PR 16-064 7/26/2017 Arthur Johnson and Unity Home Care Agency, Inc. Unpaid wages and penalty orders affirmed. Petitioners did not introduce evidence showing days and weeks claimant worked during periods in question, her rate of pay for those days or proof of payment for each day. Claimant provided records of time she worked and credibly testified about hours she worked and payments received during her employment. Testimony of petitioners' only witness inconsistent and general; conclusory testimony regarding amount of work performed by claimant insufficient to meet employer's burden of proof. Wage calculation in unpaid wages order affirmed. Petitioners offered no evidence to challenge interest, liquidated damages or penalty order; all affirmed.
PR 16-034 7/26/2017 Suechand Toolsee A/K/A Jack Toolsee and Toolsee Wash Corp. Minimum wage and penalty orders affirmed. Petitioners did not maintain time or payroll records showing dates and hours worked or wages paid claimant during time employed by them; petitioner Toolsee's testimony cannot be credited as contradicted often - by petition, by respondent's investigation notes, and by claimant. Board credited claimant's credible, detailed, unrebutted testimony. Respondent's approximation of wages owed reasonable; petitioners failed to overcome approximation.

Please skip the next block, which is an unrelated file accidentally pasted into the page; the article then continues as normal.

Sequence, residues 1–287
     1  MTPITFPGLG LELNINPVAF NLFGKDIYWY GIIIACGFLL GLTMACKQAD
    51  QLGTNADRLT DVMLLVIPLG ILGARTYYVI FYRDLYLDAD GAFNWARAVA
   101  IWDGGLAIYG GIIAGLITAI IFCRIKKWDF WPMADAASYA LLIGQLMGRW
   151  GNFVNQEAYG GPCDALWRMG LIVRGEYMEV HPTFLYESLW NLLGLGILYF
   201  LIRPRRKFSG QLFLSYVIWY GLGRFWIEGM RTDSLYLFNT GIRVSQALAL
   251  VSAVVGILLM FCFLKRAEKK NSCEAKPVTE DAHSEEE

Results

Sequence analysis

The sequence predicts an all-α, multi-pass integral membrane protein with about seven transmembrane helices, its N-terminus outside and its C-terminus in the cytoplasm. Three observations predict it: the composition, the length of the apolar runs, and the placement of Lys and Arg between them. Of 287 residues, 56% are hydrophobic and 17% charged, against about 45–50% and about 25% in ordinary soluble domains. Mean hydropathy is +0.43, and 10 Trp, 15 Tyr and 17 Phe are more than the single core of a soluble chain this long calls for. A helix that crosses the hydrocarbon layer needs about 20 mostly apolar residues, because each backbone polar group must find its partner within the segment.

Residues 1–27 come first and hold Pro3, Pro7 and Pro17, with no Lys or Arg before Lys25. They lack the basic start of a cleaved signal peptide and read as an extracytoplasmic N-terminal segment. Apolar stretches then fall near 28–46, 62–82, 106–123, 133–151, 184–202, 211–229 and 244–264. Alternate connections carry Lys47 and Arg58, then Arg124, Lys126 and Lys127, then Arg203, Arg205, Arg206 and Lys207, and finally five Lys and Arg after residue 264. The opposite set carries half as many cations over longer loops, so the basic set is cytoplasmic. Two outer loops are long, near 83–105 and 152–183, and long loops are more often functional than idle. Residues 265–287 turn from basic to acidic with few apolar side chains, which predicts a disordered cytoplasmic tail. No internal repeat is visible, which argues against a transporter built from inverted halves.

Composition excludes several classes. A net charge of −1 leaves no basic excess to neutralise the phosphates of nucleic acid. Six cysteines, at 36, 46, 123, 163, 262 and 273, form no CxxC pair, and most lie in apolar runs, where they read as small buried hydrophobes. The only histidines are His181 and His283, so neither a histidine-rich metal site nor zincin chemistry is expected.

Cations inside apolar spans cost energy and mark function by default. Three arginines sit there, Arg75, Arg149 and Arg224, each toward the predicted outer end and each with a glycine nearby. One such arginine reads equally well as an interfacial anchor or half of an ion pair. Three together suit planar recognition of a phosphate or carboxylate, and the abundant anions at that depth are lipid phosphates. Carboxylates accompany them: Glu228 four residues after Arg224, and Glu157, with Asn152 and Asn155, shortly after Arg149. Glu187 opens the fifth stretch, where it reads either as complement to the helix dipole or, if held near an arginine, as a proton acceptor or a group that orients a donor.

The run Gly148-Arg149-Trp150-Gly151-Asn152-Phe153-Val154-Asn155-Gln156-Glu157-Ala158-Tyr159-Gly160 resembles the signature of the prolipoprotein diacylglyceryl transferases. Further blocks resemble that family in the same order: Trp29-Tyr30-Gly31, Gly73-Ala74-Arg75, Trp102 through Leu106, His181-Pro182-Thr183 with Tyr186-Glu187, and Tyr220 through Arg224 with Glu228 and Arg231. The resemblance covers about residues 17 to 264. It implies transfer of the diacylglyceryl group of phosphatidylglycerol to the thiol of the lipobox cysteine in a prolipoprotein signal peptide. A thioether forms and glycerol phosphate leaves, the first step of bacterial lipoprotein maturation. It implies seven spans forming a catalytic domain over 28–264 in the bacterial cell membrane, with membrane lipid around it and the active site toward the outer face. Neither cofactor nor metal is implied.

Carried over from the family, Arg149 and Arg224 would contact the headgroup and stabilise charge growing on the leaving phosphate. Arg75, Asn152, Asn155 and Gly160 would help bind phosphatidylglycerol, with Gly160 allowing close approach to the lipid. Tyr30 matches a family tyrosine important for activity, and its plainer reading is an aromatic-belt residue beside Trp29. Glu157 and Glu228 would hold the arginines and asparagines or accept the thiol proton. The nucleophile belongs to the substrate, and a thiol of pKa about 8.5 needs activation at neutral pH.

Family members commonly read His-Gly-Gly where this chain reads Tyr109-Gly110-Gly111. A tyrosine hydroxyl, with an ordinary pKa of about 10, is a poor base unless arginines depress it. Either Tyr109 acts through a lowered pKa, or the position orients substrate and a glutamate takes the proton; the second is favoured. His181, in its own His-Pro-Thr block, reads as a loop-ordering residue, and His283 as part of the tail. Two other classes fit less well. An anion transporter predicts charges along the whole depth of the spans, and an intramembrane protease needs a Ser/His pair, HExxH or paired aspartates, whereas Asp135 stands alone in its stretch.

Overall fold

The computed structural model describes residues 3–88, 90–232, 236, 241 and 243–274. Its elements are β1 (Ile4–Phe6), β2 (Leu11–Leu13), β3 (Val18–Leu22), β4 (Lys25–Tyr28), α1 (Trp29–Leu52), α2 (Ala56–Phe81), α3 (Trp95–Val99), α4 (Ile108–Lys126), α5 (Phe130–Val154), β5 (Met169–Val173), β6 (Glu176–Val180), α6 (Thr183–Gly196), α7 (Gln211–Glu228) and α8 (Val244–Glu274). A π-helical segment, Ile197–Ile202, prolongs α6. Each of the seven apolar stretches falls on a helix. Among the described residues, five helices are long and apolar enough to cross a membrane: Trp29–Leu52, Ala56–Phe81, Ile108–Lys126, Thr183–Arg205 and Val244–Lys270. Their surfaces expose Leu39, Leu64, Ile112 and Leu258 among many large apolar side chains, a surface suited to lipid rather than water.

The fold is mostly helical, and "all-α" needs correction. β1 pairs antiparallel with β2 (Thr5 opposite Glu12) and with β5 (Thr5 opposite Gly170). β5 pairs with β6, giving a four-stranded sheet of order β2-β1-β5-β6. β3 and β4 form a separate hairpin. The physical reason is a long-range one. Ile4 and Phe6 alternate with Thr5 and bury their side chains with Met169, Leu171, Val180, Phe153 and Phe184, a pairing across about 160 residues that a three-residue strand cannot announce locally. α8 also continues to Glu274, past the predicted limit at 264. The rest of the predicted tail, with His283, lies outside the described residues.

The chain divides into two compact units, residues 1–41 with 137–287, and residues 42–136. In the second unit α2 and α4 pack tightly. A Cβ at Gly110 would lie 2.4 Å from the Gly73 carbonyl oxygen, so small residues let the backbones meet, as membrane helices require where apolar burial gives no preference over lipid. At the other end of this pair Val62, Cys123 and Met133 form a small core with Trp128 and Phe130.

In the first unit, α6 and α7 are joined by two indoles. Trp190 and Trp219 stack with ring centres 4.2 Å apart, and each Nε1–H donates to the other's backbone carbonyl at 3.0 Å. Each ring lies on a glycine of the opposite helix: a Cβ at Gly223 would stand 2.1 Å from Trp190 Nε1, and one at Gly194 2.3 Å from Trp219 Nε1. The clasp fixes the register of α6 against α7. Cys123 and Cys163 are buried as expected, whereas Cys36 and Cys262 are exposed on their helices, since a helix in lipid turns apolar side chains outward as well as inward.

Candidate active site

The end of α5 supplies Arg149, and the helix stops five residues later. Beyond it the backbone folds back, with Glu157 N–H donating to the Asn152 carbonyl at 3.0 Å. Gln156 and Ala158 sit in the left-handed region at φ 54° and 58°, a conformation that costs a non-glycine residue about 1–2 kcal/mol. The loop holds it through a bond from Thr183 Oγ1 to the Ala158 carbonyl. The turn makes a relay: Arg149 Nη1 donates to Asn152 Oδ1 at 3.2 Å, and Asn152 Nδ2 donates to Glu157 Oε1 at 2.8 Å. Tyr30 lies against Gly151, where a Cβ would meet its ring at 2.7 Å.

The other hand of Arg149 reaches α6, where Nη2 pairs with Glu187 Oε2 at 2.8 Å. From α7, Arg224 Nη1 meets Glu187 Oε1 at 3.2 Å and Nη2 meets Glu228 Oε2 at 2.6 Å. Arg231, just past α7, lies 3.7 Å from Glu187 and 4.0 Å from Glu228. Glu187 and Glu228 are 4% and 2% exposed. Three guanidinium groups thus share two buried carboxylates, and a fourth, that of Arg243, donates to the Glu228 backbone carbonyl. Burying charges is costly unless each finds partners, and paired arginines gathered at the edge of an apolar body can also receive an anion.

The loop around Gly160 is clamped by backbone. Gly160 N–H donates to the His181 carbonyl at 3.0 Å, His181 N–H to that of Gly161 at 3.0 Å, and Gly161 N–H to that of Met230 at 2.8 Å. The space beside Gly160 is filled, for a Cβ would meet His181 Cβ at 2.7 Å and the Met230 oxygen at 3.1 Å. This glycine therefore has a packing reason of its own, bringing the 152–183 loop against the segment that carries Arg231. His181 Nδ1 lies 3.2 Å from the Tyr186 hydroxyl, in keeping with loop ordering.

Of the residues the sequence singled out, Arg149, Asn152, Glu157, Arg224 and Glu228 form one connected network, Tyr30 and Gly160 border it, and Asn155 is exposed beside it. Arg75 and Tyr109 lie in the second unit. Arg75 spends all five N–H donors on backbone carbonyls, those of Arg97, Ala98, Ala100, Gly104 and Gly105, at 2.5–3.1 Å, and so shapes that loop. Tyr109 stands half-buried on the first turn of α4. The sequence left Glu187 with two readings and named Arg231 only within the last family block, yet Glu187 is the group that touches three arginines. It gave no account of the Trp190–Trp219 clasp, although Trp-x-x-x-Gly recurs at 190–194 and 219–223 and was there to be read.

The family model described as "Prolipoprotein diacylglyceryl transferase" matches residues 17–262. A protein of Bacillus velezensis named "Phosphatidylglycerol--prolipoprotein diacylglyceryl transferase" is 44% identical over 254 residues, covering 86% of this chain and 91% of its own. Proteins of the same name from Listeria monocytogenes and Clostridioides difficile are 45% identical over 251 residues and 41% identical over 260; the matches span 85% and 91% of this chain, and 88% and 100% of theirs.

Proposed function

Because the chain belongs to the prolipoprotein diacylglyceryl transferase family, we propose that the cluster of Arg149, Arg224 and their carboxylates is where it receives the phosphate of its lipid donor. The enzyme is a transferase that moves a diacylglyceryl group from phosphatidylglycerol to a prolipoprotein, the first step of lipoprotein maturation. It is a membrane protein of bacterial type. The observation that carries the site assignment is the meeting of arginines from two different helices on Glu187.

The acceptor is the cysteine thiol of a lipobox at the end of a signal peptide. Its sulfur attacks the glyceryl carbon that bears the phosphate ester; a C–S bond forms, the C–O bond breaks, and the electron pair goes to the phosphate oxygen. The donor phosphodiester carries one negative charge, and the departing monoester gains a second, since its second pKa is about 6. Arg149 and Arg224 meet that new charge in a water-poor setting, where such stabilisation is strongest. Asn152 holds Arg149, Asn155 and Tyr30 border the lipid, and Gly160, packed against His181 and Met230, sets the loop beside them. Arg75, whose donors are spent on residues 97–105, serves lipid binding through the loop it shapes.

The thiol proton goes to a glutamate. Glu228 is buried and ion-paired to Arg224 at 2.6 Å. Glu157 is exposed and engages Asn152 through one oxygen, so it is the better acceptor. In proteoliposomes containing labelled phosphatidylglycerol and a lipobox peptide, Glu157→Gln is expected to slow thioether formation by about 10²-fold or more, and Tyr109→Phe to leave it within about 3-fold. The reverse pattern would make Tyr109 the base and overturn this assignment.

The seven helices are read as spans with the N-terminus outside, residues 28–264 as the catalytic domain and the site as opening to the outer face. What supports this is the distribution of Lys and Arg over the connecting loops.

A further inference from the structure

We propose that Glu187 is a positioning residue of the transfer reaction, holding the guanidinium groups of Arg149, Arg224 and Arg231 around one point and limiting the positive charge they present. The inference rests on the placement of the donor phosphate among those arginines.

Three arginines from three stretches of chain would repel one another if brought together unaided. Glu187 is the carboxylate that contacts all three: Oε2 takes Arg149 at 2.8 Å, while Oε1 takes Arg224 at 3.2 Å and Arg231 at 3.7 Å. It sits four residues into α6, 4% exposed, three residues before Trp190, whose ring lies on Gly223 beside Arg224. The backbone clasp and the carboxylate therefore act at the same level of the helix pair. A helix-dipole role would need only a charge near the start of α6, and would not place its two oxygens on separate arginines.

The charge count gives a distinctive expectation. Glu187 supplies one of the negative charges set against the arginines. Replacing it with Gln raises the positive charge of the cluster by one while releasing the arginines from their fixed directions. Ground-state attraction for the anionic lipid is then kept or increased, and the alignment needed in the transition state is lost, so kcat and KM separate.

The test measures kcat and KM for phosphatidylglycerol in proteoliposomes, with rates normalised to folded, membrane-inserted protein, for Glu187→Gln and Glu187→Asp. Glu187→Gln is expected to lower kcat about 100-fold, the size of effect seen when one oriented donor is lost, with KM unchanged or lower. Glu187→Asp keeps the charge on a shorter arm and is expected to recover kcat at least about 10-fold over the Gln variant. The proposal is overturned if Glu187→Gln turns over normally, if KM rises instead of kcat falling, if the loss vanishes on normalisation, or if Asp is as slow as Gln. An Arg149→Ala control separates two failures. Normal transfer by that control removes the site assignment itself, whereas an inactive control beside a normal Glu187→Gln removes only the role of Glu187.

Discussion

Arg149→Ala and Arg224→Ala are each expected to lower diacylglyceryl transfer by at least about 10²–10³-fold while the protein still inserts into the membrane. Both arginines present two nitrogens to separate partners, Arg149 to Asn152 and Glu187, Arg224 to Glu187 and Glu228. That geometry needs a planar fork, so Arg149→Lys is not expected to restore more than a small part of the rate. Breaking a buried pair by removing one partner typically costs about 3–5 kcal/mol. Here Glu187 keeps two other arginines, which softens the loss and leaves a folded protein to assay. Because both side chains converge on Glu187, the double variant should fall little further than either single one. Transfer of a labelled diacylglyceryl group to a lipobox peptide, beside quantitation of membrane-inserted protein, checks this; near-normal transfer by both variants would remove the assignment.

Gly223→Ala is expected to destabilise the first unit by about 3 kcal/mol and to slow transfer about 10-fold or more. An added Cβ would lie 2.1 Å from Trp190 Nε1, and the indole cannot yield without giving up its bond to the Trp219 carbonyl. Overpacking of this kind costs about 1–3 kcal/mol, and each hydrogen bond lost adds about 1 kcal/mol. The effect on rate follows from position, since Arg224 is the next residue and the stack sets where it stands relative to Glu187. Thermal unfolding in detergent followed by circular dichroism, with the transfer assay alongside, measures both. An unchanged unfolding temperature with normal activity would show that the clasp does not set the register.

PR 16-020 7/26/2017 Ibrahim Issa A/KA Anthony Isaa and Bronxdale Auto Care, Inc. Minimum wage order as to petitioner Issa revoked; minimum wage order as to petitioner Bronxdale Auto Care, Inc. modified to include only wages due for part of claim period; civil penalty revoked; penalty order revoked. Petitioner Issa not statutory employer as his role was limited to that of corporate officer and did not exercise requisite operational control of business to be liable for wages owing. Respondent introduced into evidence one claimant's minimum wage claim form, which set out that Issa hired him, but no employee testified to this at hearing and no investigator with personal knowledge regarding employee interviews testified that Issa hired or fired employees, that he supervised or controlled terms of employment, set rate or method of pay or maintained employment records during relevant period. Uncontested that petitioner Bronxdale Auto Care, Inc. employer only for part of claim period before dissolved. Petitioners under no legal obligation to maintain payroll records for claim period and offered credible and unrebutted evidence that Issa lawfully paid employees. Petitioners raised substantial and credible doubt as to whether, at any point in investigation, respondent's request for records had been reasonably calculated to reach petitioners; respondent failed to timely seek employment records relevant to claim period.